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How to Limit Your Environmental Impact While Travelling

Limit Your Environmental Impact While Travelling

Travelling can be one of the most rewarding experiences we can have. An annual summer holiday may be a good way to de-stress after months of hard toil at work, but travel can be much more than that. It can give you an opportunity to learn about yourself, experience new cultures and make new friends.

Travelling can also be detrimental to the environment though; air travel is one of the biggest causes of pollution in the world – around 2.5% of global CO2 emissions. And it’s not just flying, tourism can damage ecosystems due to increased plastic waste, noise pollution, and increased erosion of natural structures.

Thankfully, there are ways we can limit the impact of our travelling on the environment. 

1. Travel by Land

 old-man-in-train-compartmentWhile air travel can often be quicker, it is typically one of the most polluting forms of transport. If you’re travelling in the United States or many parts of Europe, taking the train or driving may be a better option.

For example, people travelling to Las Vegas have a range of different options. The city is a major centre for all kinds of events and entertainment, playing host to boxing and MMA matches, PokerStars events, and a whole host of exhibitions, like the Consumer Electronics Show and Comic Con. While getting to Las Vegas by air is just about the only option for visitors from Europe, many in the United States can get there by car or train.

If you’re heading to Las Vegas from Los Angeles, then driving takes around four hours. Compared to one of the many one-hour flights between the two cities, you will emit around 75% less CO2 by driving (provided you have a few friends with you). It may also be quicker than flying, since you will need to allow for getting to and from the airports, checking in, security, and waiting for your gate. However, if you’re alone, flying is actually better.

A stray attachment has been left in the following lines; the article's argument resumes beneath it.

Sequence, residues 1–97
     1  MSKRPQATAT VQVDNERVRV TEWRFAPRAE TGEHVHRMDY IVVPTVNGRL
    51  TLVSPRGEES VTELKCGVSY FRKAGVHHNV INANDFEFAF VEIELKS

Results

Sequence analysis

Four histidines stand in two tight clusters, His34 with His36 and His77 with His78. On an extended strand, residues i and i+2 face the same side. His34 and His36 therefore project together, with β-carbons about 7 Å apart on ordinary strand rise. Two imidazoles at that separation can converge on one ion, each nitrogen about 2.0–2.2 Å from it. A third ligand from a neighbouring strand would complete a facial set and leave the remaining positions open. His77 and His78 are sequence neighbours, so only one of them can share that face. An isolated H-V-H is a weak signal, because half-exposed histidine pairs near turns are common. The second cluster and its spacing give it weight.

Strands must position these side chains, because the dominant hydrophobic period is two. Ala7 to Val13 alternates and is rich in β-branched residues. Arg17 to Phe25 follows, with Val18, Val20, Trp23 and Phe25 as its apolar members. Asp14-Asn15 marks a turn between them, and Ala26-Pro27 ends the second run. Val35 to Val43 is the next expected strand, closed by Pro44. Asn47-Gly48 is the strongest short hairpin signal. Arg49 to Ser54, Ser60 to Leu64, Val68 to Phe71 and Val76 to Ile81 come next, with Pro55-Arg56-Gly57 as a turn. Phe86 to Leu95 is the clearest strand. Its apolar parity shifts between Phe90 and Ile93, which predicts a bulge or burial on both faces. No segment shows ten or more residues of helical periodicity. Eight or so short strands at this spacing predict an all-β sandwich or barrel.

Taking the train is even better. If you’re travelling between London and Paris, the Eurostar emits 90% fewer emissions than a short-haul flight. Thanks to carbon offsetting, Eurostar journeys are now carbon-neutral too. 

2. Be a Responsible Hotel Guest

You may not think of a hotel as a large source of waste and CO2 emissions, but it is. A typical hotel will use as much as 73,000 gallons (331,864.57 litres) of water per year. If you’ve ever seen those little signs asking you to re-use your towels, that’s why. Laundering towels can be incredibly energy and water-intensive, so by reusing your towel throughout your stay, you’ll reduce your environmental impact.

While you may like to take the little bottles of shampoo and soap with you when you leave, if you didn’t use them the hotel will leave them for the next guest, cutting back on plastic waste. If you did use them, then there’s no harm in taking them. 

3. Try to Avoid Bottled Water

Avoid Bottled WaterWhen you’re in another country, it isn’t always advisable to drink the tap water. This isn’t necessarily because it isn’t clean, but the mineral content may be different from what your body is used to and could result in acute sickness.

Where it is safe to drink the tap water, try to avoid buying bottled options as much as possible. Not only is it more expensive, but it has a significantly higher level of pollution compared to treated tap water. Instead, take a refillable bottle with you and top it up wherever you can. 

4. Plan Ahead

Low-cost airlines have made it much more practical and affordable to travel to other countries. The downside to this is that you take more flights and therefore increase your greenhouse gas emissions.

You can limit this by planning ahead a little. For example, if you want to visit all of the Baltic countries, why not fly to one, travel by land to the other two, and fly out from the third? Or if you want to visit both Denmark and Sweden, fly to Copenhagen and take the train across the Öresund Bridge to Malmö, and then travel to the rest of Sweden from there.

By following these tips, it’s possible to enjoy the benefits of travel without destroying the planet.

Article Submitted By Community Writer

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